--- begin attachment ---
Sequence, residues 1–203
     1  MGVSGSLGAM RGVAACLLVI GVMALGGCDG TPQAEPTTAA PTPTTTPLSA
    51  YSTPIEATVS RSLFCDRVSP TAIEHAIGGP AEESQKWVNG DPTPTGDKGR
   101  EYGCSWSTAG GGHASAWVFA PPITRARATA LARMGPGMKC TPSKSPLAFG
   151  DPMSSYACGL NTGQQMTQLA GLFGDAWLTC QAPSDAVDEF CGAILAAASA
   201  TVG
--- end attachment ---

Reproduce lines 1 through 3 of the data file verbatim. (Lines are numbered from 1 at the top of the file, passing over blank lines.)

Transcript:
Sequence, residues 1–203
     1  MGVSGSLGAM RGVAACLLVI GVMALGGCDG TPQAEPTTAA PTPTTTPLSA
    51  YSTPIEATVS RSLFCDRVSP TAIEHAIGGP AEESQKWVNG DPTPTGDKGR